A scam attempting to fleece the government for millions of dollars was unearthed thanks to data analytics.
Editor's note: This article was updated to correct the decrease in Postal Service spending on compound drugs in fiscal 2017.
About two years ago, analysts within the U.S. Postal Service’s Office of the Inspector General noticed a spike in health care costs revolving around workers’ compensation claims and spending on prescription drugs.
As the office’s data gurus used analytics tools and algorithms to dig into the data, they realized the increased spending was a coordinated effort between several parties attempting to fleece the government for millions of dollars. The scam focused on compound drugs, which allows multiple medications to be blended into a single pill but is billed full price for each medication.
During the nine-month period from January to September 2015, the daily cost of compound drugs for the U.S. Postal Service grew from an average of $250,000 per day to more than $390,000 daily. The agency spent almost $180 million on them in fiscal 2016. In 2013, it spent less than $10 million on the same compound drugs, reimbursing the Labor Department.
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Traditionally, Labor covers workers’ compensation claims and seeks reimbursement from individual agencies through invoices.
However, as Kelly Tshibaka, chief data officer within the Postal Service’s OIG, explained last week at an event hosted by Nextgov, Labor wasn’t doing oversight on payments going out. Her team uncovered “a conspiracy in a couple states” between providers and compound pharmacy owners.
In California, for example, doctors were paid to prescribe compound drugs patients didn’t need, according to the Postal Service OIG’s lengthy audit. Sometimes, Tshibaka said, providers owned compound pharmacies—a violation of federal law—directing recipients to compound pharmacies, overbilling Labor for their medications and then splitting profits.
Tshibaka said her team turned the data over to investigators and agents who created successful cases. Importantly, however, the data better informed Labor of how vulnerable it was to fraud.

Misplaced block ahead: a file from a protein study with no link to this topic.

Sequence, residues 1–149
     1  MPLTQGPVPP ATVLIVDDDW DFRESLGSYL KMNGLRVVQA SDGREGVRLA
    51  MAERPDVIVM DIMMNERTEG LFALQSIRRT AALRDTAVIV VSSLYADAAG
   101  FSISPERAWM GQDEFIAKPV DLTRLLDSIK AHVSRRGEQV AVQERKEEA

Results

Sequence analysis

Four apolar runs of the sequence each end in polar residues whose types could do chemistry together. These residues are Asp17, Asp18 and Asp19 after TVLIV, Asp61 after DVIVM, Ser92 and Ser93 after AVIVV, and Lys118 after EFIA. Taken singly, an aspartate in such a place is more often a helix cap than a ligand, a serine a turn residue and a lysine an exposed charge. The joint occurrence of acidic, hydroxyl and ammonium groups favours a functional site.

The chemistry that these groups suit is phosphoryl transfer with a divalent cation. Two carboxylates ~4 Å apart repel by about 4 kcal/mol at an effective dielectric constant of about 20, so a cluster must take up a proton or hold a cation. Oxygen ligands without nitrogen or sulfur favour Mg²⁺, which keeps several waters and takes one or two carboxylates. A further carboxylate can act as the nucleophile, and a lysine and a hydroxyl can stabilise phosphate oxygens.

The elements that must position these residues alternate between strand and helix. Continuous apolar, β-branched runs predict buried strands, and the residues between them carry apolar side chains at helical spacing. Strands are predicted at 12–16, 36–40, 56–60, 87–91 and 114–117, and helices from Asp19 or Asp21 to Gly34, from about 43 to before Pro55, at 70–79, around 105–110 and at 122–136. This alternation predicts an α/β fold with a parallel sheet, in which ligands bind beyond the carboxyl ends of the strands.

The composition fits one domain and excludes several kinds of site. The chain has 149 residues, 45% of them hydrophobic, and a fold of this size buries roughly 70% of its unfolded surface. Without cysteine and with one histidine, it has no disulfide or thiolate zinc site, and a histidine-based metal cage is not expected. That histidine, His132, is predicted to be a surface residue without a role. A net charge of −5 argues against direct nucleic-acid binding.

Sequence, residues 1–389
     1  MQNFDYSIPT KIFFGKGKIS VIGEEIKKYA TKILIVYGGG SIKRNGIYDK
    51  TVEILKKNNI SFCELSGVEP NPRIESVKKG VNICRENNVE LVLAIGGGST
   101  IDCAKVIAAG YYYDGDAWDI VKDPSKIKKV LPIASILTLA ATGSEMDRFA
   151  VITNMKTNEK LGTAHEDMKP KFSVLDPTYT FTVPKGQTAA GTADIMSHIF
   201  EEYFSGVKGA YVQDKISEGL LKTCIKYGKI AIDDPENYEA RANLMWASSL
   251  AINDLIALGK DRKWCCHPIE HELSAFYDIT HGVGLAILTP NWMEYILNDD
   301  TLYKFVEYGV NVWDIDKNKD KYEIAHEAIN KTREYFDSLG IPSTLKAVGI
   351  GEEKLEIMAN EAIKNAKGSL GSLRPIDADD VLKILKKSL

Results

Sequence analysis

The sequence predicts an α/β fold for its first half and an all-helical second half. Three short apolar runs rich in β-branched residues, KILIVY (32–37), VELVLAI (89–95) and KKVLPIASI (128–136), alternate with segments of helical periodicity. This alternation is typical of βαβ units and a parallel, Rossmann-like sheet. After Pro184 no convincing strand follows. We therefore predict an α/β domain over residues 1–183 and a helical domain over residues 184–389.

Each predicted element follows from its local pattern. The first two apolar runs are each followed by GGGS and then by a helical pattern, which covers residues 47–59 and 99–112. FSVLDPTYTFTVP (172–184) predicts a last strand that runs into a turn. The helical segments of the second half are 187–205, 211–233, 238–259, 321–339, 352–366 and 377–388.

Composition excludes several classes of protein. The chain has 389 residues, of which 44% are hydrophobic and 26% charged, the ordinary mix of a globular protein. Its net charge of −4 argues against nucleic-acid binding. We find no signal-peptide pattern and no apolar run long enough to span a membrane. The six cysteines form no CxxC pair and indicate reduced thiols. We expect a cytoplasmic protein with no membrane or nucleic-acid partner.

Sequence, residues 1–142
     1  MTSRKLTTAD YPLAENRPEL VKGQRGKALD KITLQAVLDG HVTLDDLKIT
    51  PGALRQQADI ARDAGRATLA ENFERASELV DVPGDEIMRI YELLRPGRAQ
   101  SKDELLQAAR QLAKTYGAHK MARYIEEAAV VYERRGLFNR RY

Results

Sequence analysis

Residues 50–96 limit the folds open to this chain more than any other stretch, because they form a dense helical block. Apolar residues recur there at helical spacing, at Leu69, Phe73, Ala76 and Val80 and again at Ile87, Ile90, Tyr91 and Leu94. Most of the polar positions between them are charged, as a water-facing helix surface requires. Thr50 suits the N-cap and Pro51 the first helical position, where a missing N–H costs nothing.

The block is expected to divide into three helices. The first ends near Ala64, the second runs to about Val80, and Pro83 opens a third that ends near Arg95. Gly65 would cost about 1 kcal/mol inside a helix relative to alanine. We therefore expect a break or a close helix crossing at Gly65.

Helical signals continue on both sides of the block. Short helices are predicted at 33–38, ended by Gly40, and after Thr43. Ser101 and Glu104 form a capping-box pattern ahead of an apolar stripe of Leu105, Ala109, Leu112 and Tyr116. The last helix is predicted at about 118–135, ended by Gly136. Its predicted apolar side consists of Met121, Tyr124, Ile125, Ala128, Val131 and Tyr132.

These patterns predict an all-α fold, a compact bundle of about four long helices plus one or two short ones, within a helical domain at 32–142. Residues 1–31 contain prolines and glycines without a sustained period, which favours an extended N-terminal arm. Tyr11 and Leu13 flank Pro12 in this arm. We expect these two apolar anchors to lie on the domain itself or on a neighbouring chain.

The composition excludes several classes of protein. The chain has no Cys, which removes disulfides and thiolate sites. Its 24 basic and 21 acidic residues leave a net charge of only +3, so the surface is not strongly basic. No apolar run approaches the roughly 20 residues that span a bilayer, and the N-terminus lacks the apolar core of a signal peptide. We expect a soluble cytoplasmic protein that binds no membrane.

As of last year, Postal Service employees must provide a medical justification from a doctor in order to receive medication from a compound pharmacy. In fiscal 2017, Postal Service expenditures on compound medications decreased some 78 percent.
Tshibaka said the Postal Service OIG’s investigative efforts led to estimated long-term savings for the agency of $1.2 billion in health care spending, and that’s only one of its many cases.
In total, the Office of the Chief Data Officer she heads has used analytics to peruse millions of pages of paperwork to produce more than 500 leads for investigators across the $13 billion the Postal Service spends on contracts annually, with “only one of them a false positive.”
“It’s one of our biggest signs of success,” Tshibaka said. “It means every lead our agents are working with is worth their time.”
The office includes analysts and data scientists, and has buy-in from the executive levels of the Postal Service because of its track record. They are skilled in predictive and geospatial analytics, machine learning, regression analysis, sentiment analysis and creating advanced visualizations that “tell their stories” to decision-makers and investigators. Tshibaka said the team prioritizes potential cases based on factors that generally lead to successful prosecutions, such as cost overruns or scope creep, to ensure the best use of their time and that of investigators who would work their cases.
The entire OIG office, which consists of 1,100 people and a dwindling budget, still provides exceptional oversight to the Postal Service and its 600,000-strong workforce, she said.
“Last year, our tools and models helped us contribute to $920 million in findings,” Tshibaka said. “Anyone in the position of having to do more with less? Your answer is data analytics.”